When Todd Muller took over as leader of the National Party, his staff couldn't access the secure safe in the Leader of the Opposition's office.
Muller's office has confirmed to the Herald that they turned to a safe cracker to bust it open.
It has now emerged that cracking open the safe - and replacing it with an undamaged safe - was unnecessary because Muller's office had the combination all along.
Former leader Simon Bridges' chief of staff Jamie Gray has told the Herald he provided the codes to a staff member in Muller's office and provided evidence to prove it.
The events played out in the week Muller took over as National Party leader, which began with a train wreck press conference in which deputy leader Nikki Kaye intercepted a question for Muller on diversity in National's front bench.
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Kaye wrongly asserted finance spokesman Paul Goldsmith was Māori when he is not.
There was also fuss over Muller's Make America Great Again cap, which he first said he would keep as a souvenir in the new leader's office and then decided he would not.
But it has now emerged his arrival was even rockier than it appeared at the time.
Muller's office confirmed to the Herald that it was provided sensitive papers in his role as Leader of the Opposition which had to be held in a secure location.
The Herald understands the material to have been information delivered by the NZ Security Intelligence Service for an upcoming Intelligence and Security Committee meeting.
When it came to finding a secure location, the safe in the office of the Leader of the Opposition was the initial, obvious option.
The problem - they did not know how to get into it.
The Herald contacted Muller to ask about issues with accessing the safe. He said: "I'm not visible to details like that."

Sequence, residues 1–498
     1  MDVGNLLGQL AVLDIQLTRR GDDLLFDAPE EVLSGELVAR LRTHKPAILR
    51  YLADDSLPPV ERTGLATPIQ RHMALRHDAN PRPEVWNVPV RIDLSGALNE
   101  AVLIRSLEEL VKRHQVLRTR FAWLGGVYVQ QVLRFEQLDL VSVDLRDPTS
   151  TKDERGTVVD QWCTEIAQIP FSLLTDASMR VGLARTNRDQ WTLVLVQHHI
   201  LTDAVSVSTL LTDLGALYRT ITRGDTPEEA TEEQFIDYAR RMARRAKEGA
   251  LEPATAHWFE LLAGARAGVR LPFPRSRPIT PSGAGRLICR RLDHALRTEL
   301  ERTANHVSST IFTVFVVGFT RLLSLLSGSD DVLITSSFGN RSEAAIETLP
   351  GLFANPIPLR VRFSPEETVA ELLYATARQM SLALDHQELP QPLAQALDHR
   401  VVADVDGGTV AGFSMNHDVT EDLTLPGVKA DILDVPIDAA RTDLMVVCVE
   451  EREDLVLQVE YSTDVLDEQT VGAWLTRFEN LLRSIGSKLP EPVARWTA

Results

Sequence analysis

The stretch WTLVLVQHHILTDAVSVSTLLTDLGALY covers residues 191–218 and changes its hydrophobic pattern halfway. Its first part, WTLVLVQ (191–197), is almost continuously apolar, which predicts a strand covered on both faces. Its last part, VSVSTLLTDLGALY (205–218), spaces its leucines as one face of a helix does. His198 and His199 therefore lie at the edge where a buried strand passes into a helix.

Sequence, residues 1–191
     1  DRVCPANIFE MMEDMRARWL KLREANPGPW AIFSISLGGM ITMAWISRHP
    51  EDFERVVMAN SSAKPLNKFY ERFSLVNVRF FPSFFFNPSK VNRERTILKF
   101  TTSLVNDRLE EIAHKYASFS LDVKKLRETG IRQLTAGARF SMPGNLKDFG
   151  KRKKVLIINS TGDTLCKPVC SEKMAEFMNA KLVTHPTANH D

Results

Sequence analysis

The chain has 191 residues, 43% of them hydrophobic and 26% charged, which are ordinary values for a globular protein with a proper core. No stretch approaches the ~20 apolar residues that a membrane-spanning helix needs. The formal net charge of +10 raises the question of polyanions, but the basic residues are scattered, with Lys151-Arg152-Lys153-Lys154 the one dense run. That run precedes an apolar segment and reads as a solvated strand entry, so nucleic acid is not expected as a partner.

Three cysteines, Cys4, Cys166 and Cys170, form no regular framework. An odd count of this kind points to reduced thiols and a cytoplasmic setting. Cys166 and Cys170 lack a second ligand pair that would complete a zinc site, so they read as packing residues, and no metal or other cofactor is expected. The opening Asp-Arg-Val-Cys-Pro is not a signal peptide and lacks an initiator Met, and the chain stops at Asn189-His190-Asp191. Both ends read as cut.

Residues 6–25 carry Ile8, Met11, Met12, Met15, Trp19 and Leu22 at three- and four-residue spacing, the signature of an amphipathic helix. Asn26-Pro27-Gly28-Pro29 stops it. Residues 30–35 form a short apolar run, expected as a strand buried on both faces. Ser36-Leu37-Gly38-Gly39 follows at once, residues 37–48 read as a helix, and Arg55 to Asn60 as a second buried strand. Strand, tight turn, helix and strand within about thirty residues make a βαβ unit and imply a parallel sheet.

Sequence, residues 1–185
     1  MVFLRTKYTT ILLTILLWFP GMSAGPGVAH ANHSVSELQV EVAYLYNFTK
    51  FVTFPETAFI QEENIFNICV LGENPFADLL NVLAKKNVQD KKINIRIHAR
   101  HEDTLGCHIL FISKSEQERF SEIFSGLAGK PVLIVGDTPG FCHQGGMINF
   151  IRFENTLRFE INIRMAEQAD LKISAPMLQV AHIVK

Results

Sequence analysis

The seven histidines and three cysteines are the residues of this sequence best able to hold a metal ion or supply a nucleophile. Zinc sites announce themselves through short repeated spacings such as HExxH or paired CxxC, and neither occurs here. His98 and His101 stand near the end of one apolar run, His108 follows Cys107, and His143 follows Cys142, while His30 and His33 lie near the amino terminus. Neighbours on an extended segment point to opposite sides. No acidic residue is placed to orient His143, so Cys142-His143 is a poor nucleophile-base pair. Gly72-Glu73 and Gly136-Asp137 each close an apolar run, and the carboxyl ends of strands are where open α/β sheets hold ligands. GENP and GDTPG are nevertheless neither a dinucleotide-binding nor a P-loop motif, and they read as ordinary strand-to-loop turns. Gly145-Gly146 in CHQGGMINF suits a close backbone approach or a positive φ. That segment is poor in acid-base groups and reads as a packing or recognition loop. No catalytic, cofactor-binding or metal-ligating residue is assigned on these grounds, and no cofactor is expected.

Told the chain of events and asked if they were familiar, he said: "That wouldn't particularly surprise me that it's not familiar to me." Muller then said he needed to go to take another call.
Since then, Muller's chief media adviser Janet Wilson has confirmed the chain of events.
She said: "The old safe in the leader's office couldn't be opened on the day we received the official papers so they were placed in the Whip's office safe."
Wilson confirmed Parliamentary Services arranged for someone to completely remove the free-standing safe and ship it off-site, where it was physically cracked open.
Wilson said the safe was the property of Parliamentary Services. She said Muller's office never made contact with Gray because "that was the responsibility of Parliamentary Services".
The Herald understands the safe was almost empty, having been cleared out when Bridges' tenure came to an end.
Wilson said Parliamentary Services then replaced the Leader's safe with a different safe - "not a new safe. Another safe".
Gray rejected any suggestion Muller's office did not have the codes to the safe. He said he had personally provided the codes to an individual working in Muller's office.
He said he had been asked for the codes on May 28 - during Muller's first full week in the job - and provided the codes the following day.
"I reject any claim that I withheld the codes to the safe in the leader's office."
Gray provided the Herald with evidence showing he had been asked for, and complied with, a request for the combination by an unnamed staff member in Muller's officer.
The evidence included screenshots - redacted for privacy - showing he had transferred a file to the staff member titled: "Safe - see notes for instructions." Gray helpfully added the safe was "sensitive" and "sometimes takes me a couple of goes".
Bridges was asked if he was aware of an issue with his safe after moving out of the leader's office. He said he was not.